Son: “Dad, you should get up at 5am and cook breakfast. You handle sleep deprivation better than I do.”
Last night, as I prepared dinner, I asked my youngest (14) if he wanted to play a game of chess. He eagerly agreed and after finishing his battle on his computer game, set up the chess set on the table. We started playing. I made a move then prepped an ingredient for dinner. Made another move, prepped. After I stood up for the third time, my son said, “Dad, I’m going to go do my school work before it gets too late.” That hit me in the feels. Fortunately, dinner was ready to go into the oven for 30 minutes. I felt I was a few moves away from checkmating him so I said, “I’m about to end you. Let’s finish. This will be quick.” He perked up and I gave my undivided attention to him and the game. In the blink of an eye, the oven beeped. 30 minutes passed in the flash of an eye and the game had turned. Two terrible moves by me gave my son control of the board and he destroyed me. Then he returned to his room to either study or game or both. It was a great moment.
I wish I could turn the clock back 19 years and make every night like last night. I have allowed busy to replace bonds. Excuses to prevent experiences. I have great children. They have had good lives. I could have done so much better. With the time I have left, I will do so much better!
Me: "Happy birthday! What do you want to do on your special day?"
Evan, 13 today: "I’m going to spend the day at the pool with two girls from West High School."
Me: *Well, that escalated quickly.*
I have all the parts to build my new keyboard. I am on a pseudo-vacation this week. Building and programming the keyboard was one of my intended projects. At the airport, my 12-year-old son asked me not to build it because he wants to help. You can darn well bet that putting that keyboard together can wait a couple more weeks!
Evan: "Daaad, I know how to brush my teeth. I’ve been doing it for 12 years."
Evan, entering the house with an Amazon package: "The postman says we are his best customer!"
Evan, ruefully, to his sister Amy: "You get to walk to the mall from school. I get to eat ice cream on the track."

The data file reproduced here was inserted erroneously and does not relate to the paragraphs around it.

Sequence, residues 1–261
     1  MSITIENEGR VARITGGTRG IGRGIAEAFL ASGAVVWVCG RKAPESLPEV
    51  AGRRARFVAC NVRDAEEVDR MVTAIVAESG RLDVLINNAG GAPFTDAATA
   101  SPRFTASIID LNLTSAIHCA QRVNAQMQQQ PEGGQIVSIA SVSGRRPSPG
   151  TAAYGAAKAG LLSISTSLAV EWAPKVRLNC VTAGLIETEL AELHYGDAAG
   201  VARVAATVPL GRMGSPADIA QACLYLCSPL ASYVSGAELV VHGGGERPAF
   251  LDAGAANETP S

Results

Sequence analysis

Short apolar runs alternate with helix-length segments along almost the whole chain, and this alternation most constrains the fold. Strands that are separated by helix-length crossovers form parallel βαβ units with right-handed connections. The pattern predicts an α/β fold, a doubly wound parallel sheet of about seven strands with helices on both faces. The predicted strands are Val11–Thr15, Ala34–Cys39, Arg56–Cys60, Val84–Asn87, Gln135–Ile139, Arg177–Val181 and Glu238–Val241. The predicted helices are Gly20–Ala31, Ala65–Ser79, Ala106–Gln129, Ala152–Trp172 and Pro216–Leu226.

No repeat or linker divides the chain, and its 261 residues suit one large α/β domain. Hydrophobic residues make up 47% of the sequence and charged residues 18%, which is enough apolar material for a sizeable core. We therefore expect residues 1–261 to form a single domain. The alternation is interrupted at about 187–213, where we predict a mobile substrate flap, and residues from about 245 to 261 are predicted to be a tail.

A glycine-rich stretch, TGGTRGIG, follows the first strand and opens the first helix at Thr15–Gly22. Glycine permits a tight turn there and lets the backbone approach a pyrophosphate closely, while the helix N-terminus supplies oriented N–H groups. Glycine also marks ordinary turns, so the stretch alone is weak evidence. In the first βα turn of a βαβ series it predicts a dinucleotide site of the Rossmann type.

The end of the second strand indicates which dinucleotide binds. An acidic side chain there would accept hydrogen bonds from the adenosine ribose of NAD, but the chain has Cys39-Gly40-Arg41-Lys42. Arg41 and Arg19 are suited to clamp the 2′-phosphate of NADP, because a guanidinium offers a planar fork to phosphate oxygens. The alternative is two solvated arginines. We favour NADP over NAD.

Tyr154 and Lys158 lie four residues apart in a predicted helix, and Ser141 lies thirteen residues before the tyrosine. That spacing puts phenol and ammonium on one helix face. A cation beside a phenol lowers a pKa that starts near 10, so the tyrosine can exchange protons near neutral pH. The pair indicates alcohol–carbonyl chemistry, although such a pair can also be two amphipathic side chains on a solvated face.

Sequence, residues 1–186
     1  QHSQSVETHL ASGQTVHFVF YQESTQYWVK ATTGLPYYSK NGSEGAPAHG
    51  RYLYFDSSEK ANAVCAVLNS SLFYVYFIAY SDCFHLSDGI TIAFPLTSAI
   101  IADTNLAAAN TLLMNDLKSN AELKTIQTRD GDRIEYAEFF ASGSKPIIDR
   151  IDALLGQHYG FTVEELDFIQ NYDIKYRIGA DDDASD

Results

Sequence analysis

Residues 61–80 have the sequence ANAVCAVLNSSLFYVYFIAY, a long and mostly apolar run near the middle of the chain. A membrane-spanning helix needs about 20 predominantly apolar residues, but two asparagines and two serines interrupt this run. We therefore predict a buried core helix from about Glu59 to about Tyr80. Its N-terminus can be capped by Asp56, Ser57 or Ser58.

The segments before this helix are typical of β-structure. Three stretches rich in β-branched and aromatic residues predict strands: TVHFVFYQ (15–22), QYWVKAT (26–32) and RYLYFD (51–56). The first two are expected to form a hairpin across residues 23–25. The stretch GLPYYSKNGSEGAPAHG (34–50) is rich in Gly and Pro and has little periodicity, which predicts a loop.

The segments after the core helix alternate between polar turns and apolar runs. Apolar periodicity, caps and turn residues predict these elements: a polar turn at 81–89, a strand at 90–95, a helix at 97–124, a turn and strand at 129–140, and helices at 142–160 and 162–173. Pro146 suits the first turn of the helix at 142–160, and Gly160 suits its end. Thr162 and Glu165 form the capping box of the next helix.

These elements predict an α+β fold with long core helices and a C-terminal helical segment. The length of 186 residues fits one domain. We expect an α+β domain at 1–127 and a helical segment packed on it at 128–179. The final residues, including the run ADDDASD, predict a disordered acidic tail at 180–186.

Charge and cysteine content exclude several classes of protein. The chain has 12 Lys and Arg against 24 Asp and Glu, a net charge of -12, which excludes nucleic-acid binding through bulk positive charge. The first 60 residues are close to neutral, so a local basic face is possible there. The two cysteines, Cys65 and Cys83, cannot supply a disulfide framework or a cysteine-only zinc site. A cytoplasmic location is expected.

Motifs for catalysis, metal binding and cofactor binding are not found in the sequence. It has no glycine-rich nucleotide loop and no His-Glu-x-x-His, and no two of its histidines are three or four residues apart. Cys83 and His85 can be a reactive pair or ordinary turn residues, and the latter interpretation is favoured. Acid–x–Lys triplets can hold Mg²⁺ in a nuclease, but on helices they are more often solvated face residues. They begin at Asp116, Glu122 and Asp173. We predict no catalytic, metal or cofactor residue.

Mother: "Do you know you’re driving me crazy?"
11 year old boy: "Now I do!"
Context: Evan, our 11 year old, helped me drop one of the cats off at the veterinarian for a comprehensive exam last Wednesday. Behind the scale is this sign. Recently, both our 12 year old and 9 year old German Shepherds died.
Evan, 11 years old, studies the sign: "Dad, I think our next dog should be a three, four, or five."
Me: "Evan, that’s not a menu."
Me: "Alexa, play the Ramones."
Groggy 11 year old Evan walks into the room: "Dad, could you turn down the music?"
Me: "What are you guys doing?"
Me: "Do you want steak for dinner?"
Boy child: "Do we have barbecue sauce?"
Me: "Ok, sirloin for you."
The state of TN is at war with public education. They are out to destroy public education and my youngest two children are on the front lines. We are testing our children to stupidity. The teachers have no time to provide a quality education because we are constantly prepping for the next test. I am pro-gadget, pro-electronic and want my children absorbed in this fascinating digital world with their easy access to all of humanity’s knowledge. However, my ten year old’s generation is suffering as the first generation to be raised from birth with screens in front of them. Their craving for information and multitasking is on par with a cocaine addict, alcoholic, or gambler.
I personally have fallen. I have failed to dedicate time to my children. Today changes that. Today we began meditation and reading aloud (Jonathan Livingston Seagull). Today we began to learn about First Things First with a discussion of the four quadrants and how to live in Quad II. Today is a good day and will be followed by so many more.
Me to wife: "You’ve made me old with snapchat."
Disembodied 10 year old voice from the back of the house: "Yeah, you are old" "hahaha!" "Get wrecked." "W-r-e-k-e-d"